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Joint Bone Spine
Volume 83, n° 2
pages 127-133 (mars 2016)
Doi : 10.1016/j.jbspin.2015.04.010
accepted : 19 April 2015
Cachexia and adiposity in rheumatoid arthritis. Relevance for disease management and clinical outcomes

Salima Challal a, Emeline Minichiello a, Marie-Christophe Boissier a, b, Luca Semerano a, b,
a Service de rhumatologie, hôpital Jean-Verdier–René-Muret, groupe hospitalier Avicenne, Assistance publique–Hôpitaux de Paris (AP–HP), 125, rue de Stalingrad, 93000 Bobigny, France 
b Inserm UMR 1125, Sorbonne Paris Cité-université Paris 13, 74, rue Marcel-Cachin, 93000 Bobigny, France 

Corresponding author at: Inserm UMR 1125, Sorbonne Paris Cité-Université Paris 13, 74, rue Marcel-Cachin, 93000 Bobigny, France.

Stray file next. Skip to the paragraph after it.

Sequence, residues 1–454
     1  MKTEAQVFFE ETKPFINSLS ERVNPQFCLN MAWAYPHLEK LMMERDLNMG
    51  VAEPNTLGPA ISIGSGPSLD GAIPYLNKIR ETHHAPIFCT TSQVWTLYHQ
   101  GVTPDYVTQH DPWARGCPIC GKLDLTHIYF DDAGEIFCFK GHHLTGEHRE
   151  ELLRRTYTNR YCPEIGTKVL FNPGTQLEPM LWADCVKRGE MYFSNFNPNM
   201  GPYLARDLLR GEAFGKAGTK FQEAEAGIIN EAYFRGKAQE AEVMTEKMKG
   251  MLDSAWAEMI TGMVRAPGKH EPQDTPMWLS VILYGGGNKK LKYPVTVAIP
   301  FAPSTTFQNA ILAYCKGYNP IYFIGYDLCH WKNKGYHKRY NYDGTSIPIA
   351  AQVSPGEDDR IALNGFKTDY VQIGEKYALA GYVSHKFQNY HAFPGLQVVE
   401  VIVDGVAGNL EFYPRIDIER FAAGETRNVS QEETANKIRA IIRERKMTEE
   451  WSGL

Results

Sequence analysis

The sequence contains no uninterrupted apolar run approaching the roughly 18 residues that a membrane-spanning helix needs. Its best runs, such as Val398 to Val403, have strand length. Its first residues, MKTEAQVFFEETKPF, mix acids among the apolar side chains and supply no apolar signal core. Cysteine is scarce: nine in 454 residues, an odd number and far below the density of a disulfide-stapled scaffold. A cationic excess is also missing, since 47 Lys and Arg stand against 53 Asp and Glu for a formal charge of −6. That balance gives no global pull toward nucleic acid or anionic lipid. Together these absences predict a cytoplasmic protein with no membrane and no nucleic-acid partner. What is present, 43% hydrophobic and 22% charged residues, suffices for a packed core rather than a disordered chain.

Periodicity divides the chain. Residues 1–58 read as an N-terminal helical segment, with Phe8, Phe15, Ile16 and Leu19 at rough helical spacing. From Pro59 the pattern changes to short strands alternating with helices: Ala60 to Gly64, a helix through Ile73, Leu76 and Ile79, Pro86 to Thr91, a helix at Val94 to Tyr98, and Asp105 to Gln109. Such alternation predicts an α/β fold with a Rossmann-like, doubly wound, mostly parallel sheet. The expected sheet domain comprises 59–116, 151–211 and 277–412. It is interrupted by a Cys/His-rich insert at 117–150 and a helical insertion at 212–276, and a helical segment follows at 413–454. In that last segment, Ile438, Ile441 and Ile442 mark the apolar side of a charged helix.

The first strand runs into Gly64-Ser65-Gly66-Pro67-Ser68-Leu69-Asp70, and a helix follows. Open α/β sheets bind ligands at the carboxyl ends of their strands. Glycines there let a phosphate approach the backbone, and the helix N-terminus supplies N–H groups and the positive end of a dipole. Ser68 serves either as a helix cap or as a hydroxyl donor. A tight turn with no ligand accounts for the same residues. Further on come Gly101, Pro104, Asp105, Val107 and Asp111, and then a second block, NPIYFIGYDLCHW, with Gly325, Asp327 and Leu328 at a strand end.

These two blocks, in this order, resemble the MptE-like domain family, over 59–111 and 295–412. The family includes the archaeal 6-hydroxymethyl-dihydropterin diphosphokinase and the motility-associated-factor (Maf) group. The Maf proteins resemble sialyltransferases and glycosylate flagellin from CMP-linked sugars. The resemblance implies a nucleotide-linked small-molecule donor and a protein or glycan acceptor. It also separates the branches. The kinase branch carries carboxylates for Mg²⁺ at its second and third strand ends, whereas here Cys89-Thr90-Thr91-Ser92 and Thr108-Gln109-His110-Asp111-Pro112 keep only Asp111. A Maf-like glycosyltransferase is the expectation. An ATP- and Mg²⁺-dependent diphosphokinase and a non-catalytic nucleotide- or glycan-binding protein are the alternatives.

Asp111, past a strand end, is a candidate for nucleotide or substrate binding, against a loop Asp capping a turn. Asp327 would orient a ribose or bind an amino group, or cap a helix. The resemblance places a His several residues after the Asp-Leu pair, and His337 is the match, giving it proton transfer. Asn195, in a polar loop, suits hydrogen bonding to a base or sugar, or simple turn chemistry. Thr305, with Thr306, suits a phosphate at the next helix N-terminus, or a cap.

Altered body composition is a frequent finding in rheumatoid arthritis and is associated with the two major outcomes of the disease: disability and cardiovascular mortality. It is estimated that up to two thirds of patients may be affected by loss of lean mass, the so-called rheumatoid cachexia. Hence, body weight being equal, the relative amount of lean mass is lower and that of body fat is higher in rheumatoid arthritis patients vs. healthy controls. Both disease-related factors and other factors, like drug treatments, physical activity and nutrition contribute to modify body composition in rheumatoid arthritis. The effect of pharmacological treatments, and notably of anti-TNF drugs, on body composition is controversial. Conversely, training programs to stimulate muscle growth can restore lean mass and reduce adiposity. There is good evidence that amelioration of body composition ameliorates function and reduces disability. Currently, there is no evidence that interventions that modify body composition can reduce cardiovascular morbidity and mortality in rheumatoid arthritis.

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Keywords : Rheumatoid arthritis, Cachexia, Body composition, Disability, Frailty, Cardiovascular disease

© 2015  Published by Elsevier Masson SAS.
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